“What’s really important for voters to consider is the current tenor on the national scene with Donald Trump in the White House,” he said. “People can no longer put their trust in the federal government to ensure their rights. Local government will be the only sure way that citizens can see their needs met. Whether we’re talking about health care, transportation or education, it’s the governor, not the president, who will make a difference for Marylanders in the coming years.”

For more information about Baker’s campaign, visit


About D. Kevin McNeir – Washington Informer Editor 165 Articles

Award-winning journalist, book editor, voice-over specialist and author with 17 years in the industry. Currently an education and religion beat reporter for The Washington Informer. But I also tackle local (D.C. and Maryland) politics, entertainment, business and health articles to maintain my edge.

Born and raised in Motown and a staunch Wolverine – that is a graduate of the University of Michigan, I left corporate America (IBM) to pursue my passion for writing, accepting a beat reporter’s gig under the tutelage of the late Sam Logan, founding publisher of the Michigan Chronicle. I continued to hone my craft at N’DIGO Magapaper, Windy City Times and The Wednesday Journal, all in Chicagoland; the Atlanta Voice and The Miami Times. I’ve been fortunate to be chosen twice as the Feature Writer of the Year by the Chicago Association of Black Journalists. Later, as the senior editor of one of the country’s oldest Black-owned newspapers, The Miami Times, I helped my staff bring home the NNPA’s highest honor – Publication of the Year, 2001. That same year I picked up first and second place awards for news and feature writing, respectively, also from the NNPA.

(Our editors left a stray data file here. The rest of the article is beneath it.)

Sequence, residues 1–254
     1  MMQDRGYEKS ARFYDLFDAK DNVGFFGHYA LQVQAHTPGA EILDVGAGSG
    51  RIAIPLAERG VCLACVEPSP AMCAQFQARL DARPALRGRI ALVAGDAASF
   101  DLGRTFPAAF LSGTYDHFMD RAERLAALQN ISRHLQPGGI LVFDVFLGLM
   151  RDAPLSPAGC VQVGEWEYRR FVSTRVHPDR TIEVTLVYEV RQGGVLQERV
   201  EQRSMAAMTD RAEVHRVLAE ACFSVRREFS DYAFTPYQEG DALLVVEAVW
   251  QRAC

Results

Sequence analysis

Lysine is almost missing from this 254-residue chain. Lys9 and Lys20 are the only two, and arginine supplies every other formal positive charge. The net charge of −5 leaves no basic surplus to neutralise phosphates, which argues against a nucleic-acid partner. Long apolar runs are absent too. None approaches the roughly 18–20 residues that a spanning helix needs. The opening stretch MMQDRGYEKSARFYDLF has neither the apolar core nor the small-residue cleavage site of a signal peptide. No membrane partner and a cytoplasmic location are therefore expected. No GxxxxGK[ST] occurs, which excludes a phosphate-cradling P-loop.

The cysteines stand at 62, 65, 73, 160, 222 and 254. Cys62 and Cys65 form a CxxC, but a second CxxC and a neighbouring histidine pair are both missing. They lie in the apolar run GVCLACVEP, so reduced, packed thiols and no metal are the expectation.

Today I’m based in the nation’s capital where I’m honored to serve as the editor for The Washington Informer. Recognizing the importance of education, I’ve earned two master’s degrees from Emory University, Summa Cum Laude and Princeton Theological Seminary, majoring in theology and philosophy.

If I can slow down, I may actually complete and publish a collection of essays I’ve been working on for many years, “Growing up Motown,” sharing childhood memories of experiences with musical legends like Marvin Gaye, Kim Weston, the Four Tops, the Miracles, Gladys Knight and Take Six. My favorite foods: spinach, lasagna, pancakes and Oysters Rockefeller. My mom, 86, always my “best friend” and “cheerleader,” now lives with me and she brings me great joy. I’m a fiercely protective yet encouraging father and grandfather always down for traveling, shopping or celebrating the natural beauty of God’s world. I live by the following words: “Less is more” and “I can do all things through Christ who strengthens me.”